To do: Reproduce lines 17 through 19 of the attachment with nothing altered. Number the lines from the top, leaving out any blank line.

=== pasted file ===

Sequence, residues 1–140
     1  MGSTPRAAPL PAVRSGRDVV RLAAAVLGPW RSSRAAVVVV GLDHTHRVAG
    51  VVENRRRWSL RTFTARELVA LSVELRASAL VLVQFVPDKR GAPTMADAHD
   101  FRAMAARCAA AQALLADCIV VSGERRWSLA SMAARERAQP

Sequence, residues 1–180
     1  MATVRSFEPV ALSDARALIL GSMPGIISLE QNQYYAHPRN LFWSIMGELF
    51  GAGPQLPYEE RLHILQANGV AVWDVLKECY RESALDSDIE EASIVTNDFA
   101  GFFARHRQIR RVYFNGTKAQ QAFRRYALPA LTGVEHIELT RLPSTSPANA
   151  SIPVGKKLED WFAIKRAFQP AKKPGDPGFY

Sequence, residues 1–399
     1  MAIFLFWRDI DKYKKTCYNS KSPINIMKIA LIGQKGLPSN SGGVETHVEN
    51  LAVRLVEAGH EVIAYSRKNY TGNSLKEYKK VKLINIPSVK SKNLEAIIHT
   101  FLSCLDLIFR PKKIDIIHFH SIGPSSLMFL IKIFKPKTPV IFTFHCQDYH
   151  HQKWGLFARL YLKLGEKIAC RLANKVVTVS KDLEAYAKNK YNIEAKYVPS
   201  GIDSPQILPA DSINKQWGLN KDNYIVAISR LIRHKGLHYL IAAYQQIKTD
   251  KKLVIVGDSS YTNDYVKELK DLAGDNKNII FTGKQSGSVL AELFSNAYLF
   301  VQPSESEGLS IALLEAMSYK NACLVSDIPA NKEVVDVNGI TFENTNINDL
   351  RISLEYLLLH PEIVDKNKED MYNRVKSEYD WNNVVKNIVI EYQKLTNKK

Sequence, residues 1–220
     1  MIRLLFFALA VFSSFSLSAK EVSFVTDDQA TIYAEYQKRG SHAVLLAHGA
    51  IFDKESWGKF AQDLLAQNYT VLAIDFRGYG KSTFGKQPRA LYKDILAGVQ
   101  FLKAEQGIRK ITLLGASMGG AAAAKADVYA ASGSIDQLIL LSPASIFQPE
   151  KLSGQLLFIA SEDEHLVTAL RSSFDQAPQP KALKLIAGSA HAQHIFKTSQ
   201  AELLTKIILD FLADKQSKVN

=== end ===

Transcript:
   301  VQPSESEGLS IALLEAMSYK NACLVSDIPA NKEVVDVNGI TFENTNINDL
   351  RISLEYLLLH PEIVDKNKED MYNRVKSEYD WNNVVKNIVI EYQKLTNKK

Sequence, residues 1–220